If you have started a new charity, please complete the online Expression of intent form to provide your details to the Commission, enabling you to be called forward to apply for charity registration.
Yes, while you are awaiting registration as a charity with the Commission, it will still be possible to claim Gift Aid if you have already been granted charitable tax status by HMRC.
If you are successfully registered as a charity by the Commission, you will not need to reapply to HMRC for charitable tax status and your HMRC number will remain the same
If you are unsuccessful in the registration process, the Commission will notify HMRC. HMRC provide charitable tax benefits under the Finance Act 2010 and any decision to remove charitable benefits will be reassessed by them.
If you do not make your application for registration within three months from the date at which your organisation is called forward, the Commission will notify HMRC that your application has not been submitted and your Gift Aid entitlement may be withdrawn/suspended until your application is submitted.
The Commission does not issue registration certificates. Once registered, the charity will be issued with a unique Northern Ireland charity number (NIC) which acts as verification of registration.
As you may be aware, the Commission is managing the process of calling the thousands of charitable organisations forward in tranches to apply for registration. This allows the Commission to process the high volume of registration applications it has, and will continue to, receive in a fair and efficient manner.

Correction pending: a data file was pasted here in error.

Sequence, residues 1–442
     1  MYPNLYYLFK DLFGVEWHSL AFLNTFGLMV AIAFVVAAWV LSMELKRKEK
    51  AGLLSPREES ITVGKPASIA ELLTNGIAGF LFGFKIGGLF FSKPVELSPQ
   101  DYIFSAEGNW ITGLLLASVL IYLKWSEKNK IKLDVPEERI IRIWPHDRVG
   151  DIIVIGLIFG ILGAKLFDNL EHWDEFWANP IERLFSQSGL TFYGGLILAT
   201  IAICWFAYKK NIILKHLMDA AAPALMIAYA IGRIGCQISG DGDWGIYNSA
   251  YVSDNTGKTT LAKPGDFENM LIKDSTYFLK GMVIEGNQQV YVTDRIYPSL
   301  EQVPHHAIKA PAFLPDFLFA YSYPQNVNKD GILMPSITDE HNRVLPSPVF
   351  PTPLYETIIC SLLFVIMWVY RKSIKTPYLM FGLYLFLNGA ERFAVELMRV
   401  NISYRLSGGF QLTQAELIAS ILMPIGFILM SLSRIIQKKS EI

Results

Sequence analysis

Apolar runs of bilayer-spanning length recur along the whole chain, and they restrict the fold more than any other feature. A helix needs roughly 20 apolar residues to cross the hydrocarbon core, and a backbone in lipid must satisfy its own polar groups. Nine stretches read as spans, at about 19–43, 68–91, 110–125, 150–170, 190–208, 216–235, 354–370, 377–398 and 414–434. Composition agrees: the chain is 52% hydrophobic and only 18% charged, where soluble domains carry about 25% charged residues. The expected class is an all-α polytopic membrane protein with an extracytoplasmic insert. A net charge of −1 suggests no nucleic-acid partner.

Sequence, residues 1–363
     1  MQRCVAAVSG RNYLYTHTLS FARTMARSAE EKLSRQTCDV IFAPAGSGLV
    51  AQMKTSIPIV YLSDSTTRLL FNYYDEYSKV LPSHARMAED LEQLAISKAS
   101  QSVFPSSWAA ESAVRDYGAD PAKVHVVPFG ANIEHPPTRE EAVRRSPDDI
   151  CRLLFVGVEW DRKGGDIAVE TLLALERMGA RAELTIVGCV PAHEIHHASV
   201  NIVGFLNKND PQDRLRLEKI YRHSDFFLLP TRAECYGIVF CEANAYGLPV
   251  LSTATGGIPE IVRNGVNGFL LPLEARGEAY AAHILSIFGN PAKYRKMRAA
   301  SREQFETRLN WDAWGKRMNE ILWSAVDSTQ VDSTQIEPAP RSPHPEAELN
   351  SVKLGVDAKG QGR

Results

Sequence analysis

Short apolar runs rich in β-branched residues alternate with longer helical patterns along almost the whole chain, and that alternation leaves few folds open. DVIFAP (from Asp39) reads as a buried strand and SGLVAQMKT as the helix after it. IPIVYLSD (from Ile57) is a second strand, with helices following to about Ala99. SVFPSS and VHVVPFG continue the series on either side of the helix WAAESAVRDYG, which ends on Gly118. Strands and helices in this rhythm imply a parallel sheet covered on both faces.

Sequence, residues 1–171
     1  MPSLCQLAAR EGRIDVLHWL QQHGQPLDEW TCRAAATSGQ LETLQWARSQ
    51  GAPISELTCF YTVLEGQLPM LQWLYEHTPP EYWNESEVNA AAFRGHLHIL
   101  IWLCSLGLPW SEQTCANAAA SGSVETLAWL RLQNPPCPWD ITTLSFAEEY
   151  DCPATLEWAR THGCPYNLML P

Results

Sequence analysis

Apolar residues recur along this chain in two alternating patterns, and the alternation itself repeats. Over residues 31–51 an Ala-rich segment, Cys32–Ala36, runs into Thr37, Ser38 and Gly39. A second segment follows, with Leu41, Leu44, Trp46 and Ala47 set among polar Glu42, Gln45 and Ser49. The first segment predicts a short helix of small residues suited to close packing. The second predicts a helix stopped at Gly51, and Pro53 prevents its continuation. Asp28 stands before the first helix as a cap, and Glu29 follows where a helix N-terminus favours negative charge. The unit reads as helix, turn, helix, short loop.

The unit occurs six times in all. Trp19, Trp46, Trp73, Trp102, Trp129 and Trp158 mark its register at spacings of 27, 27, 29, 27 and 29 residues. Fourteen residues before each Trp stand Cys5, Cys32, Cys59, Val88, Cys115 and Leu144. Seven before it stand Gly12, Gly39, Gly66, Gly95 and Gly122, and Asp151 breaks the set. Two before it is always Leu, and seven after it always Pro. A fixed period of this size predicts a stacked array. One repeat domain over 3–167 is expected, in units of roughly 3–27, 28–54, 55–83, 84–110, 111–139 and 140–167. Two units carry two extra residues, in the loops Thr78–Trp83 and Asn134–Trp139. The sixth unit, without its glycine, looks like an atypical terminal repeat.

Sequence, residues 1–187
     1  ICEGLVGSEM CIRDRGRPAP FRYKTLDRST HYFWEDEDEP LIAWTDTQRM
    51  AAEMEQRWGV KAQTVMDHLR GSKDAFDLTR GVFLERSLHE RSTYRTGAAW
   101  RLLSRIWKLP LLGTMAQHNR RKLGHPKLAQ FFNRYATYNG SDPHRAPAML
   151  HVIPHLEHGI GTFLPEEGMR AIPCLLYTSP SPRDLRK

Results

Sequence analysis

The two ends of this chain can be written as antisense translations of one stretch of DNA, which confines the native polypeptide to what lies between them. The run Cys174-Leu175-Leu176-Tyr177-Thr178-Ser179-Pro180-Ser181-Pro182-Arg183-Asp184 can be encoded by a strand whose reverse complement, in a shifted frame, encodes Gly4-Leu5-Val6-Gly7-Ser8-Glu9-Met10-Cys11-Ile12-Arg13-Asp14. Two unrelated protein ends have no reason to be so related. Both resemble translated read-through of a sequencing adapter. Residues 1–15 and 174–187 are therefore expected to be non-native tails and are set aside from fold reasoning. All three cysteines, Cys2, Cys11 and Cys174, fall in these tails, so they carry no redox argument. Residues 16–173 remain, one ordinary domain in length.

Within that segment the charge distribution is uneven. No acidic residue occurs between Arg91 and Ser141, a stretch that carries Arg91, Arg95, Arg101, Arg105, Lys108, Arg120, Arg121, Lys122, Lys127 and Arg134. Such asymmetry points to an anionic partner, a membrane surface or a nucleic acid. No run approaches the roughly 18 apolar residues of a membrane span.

We understand that having contacted the Commission you may be keen to begin your registration application as soon as possible. However, the submission of an Expression of Intent form does not mean your organisation will be called forward earlier. You do not need to do anything further at this stage as the Commission wil contact you at the email address you have provided when we are in a position to call your organisatiosn forward.
While the register of charities is growing, supporting bodies, such as funders, are normally content that you are on the Commission’s registration list and therefore the Commission knows about your organisation for registration purposes.
However, if you believe that there are valid reasons for your organisation to be called forward quickly, then please contact the Commission in writing, outlining your reasons and providing supporting evidence, if appropriate. The Commission will assess your request based on the information you provide and respond to you as soon as possible.